Leaderless anarchy never lasts for long, though, and both of these movements have diminished significantly as this reality of human nature, that people will always seek leaders and institutions for themselves, has taken hold. Naturally, we will look to leaders to speak for us in organizations and parties, to obtain power over “the enemy.” To a person of faith, the enemy is Satan, not other people. To the faithless, the enemy is manifest in opposing organizations and parties. Hence, the failure of the insitutional Catholic Church, and the failure of those charged with preserving the integrity of our educational institutions and political parties, has led to more polarization and more resentment and hatred in America.
Douthat goes on, in his column:
The recent turn away from Catholic ideas has also been furthered by a political class that never particularly cared for them in the first place. Even in a more unchurched America, a synthesis of social conservatism and more egalitarian-minded economic policies could have a great deal of mass appeal. But our elites seem mostly relieved to stop paying lip service to the Catholic synthesis: professional Republicans are more libertarian than their constituents, professional Democrats are more secular than their party’s rank-and-file, and professional centrists get their encyclicals from Michael Bloomberg rather than the Vatican.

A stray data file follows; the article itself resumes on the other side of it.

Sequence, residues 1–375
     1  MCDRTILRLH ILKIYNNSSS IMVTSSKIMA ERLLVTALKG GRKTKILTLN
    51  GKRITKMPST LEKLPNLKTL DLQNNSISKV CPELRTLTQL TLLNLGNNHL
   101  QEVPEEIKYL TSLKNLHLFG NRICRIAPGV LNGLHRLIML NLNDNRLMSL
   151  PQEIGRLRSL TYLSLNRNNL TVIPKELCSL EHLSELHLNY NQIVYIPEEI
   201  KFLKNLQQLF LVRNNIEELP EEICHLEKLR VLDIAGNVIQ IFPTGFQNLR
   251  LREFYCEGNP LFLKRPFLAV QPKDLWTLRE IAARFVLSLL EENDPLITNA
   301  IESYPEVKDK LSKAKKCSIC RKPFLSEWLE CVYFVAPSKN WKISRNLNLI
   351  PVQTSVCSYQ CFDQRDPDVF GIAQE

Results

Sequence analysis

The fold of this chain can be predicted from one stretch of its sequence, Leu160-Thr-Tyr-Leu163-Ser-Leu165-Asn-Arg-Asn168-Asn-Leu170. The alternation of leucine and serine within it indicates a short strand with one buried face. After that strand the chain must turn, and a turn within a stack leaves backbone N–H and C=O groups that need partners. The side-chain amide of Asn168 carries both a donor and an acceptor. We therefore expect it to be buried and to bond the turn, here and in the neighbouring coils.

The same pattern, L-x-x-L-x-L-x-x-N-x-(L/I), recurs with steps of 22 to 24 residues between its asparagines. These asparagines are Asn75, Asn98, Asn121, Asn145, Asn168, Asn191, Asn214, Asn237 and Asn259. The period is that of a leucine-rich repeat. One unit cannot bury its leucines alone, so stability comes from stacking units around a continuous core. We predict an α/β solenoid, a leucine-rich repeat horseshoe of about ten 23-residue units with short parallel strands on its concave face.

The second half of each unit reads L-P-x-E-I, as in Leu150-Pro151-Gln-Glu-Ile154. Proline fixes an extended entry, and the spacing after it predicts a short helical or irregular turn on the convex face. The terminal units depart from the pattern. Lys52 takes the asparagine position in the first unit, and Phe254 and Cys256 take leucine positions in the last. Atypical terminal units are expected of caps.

This is true, but it is not so much the fault of the “elites” as it is of the people who continue to put their faith in them and to remain loyal to them to the end – an end that is decidedly bitter. Just as many Catholics, myself included, were afraid to speak against bishops who had done wrong because outside the Church (writ large) are the fires of hell, so, too, the unchurched fear speaking against their leaders when they see the alternative — the far opposition — as being much worse than they are. Again, it is human nature to act this way, and we must remember that it is only God who can enable us to rise above it. Without God, there is always an enemy somewhere who is another human being. With God, we are all His children.
Douthat does not put much hope in the idea that the election of a new pope will change things much.
Nothing that happens in Rome over the next few months is likely to convert the Acela Corridor’s donors and strategists and think tankers to a more Catholic-friendly worldview. The next pope may be more effective than Benedict, or he may be clumsier; he may improve the church’s image in this country, or he may worsen it.
But if there is another Catholic moment waiting in our nation’s future, it can only be made by Americans themselves.
I have a great deal of love and respect for Pope Benedict XVI. He has far surpassed my expectations for him, since his election in 2005, and I would not have preferred anyone else to be pope in his stead. Having said that, it seems clear to me that the task ahead is for all Catholics, including the new pope, not apart from him. Whether the next pope can change the world as we saw with the fall of the Soviet Union will certainly depend on whether there is another Lech Walesa in politics to help lead the way. We need a good pope, and we need good people to join with him to bring humanity together under God. This will be my prayer. I hope that you will all join with me in it.